In this set, I particularly enjoyed testing the dynamic range of Christopher Hogwood’s fortepiano, and for the most part I followed the bass lines in Marshall’s books, which were written for Marshall by the Catholic priest at Dufftown, Mr George Gordon. You can still find copies of Gordon’s eclectic two-volume Sacred Music Calculated for the Use of Small Choirs (c. 1830) in many a church organ loft in the north-east of Scotland.
Sir Patrick Spens with Martin Carthy
(trad. arr. Carthy)
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Whether there really was a master mariner Sir Patrick Spens we don’t know, but the ballad that bears his name tells the tale of a historical event, the doomed journey to bring home the Scottish Queen Margaret, Maid of Norway in 1290. The words sung by Martin are from various different versions of the song, and he found the tune in Albyn’s Anthology vol. 2, collected by Alexander Campbell (1818), and in William Christie’s Traditional Ballad Airs vol. 1 (1876).
The Duke of Athol’s March
(trad. arr. Norman)
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The big music or ceòl mòr for the big pipes or Highland bagpipe appears here on a considerably quieter pipe, as Chris plays a pibroch on the flute. The source for the tune, Daniel Dow’s 37 New Reells & Strathspeys of c. 1775, certainly doesn’t rule this practice out – in an effort to increase its sales as widely as possible, the title page proclaims its contents as being suitable for ‘the Violin, Harpsichord, Piano Forte, or German Flute’.
The Roses in Jamaica
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Mr Samuel Rose’s Reel of Jamaica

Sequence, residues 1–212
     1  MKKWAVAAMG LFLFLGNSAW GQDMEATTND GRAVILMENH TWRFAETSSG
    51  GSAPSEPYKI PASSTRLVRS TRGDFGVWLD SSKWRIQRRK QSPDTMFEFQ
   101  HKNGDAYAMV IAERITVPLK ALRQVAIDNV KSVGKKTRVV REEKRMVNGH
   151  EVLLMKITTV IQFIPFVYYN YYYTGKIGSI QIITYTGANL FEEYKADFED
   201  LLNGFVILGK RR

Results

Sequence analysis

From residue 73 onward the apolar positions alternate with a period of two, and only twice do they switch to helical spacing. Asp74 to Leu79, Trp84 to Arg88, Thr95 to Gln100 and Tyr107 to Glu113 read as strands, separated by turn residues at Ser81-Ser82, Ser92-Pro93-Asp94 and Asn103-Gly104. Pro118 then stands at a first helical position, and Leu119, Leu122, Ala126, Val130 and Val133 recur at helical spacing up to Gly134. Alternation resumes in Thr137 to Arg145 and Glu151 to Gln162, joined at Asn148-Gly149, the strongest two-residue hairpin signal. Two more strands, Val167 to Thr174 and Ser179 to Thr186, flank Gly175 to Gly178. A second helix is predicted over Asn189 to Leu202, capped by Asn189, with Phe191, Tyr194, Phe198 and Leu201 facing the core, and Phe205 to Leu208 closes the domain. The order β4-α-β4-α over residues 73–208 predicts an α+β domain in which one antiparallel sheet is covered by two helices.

Miss Rose’s Fancy of Jamaica
Scotland’s use of slavery in the West Indies to build its wealth in the 18th and 19th centuries is something that as a nation we’ve usually preferred to keep quiet about, but the plentiful Scottish surnames now found in Jamaica bear eloquent witness to this less than proud part of the nation’s past. Even Robert Burns was only saved from a career in the slave trade by the success of the first Kilmarnock edition of his poems. Published in Campbell’s 8th Collection of Country Dances in London in 1794, these two tunes by ‘Mr. C. McNab’ are dedicated to some of around 17,000 Scots who did make the journey to the Caribbean.
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This keyboard pavan of great dignity was probably composed by the Glasgow musician and teacher Duncan Burnett: he wrote it down in his music book around 1610 and signed it with his own initials, alongside pieces by Byrd and by his fellow Scot William Kinloch. We play it here on a ‘meta-harpsichord’: one with a few extra instruments added on!
Chiling o guiry
(arr. Burk Thumoth)
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This setting, from Burk Thumoth’s Dublin book 12 Scotch, and 12 Irish Airs With Variations (c. 1745), appears pretty much note for note in a Scottish source as ‘Sholla Negari wt the Variation’, and there are plenty of other variants of both title and tune: it may have eventually morphed into the well-known jig ‘The Drunken Parson’. Síle Ní Ghadhra was one of several allegorical names for Ireland, so the tune would have carried a certain patriotic symbolism for Irish exiles.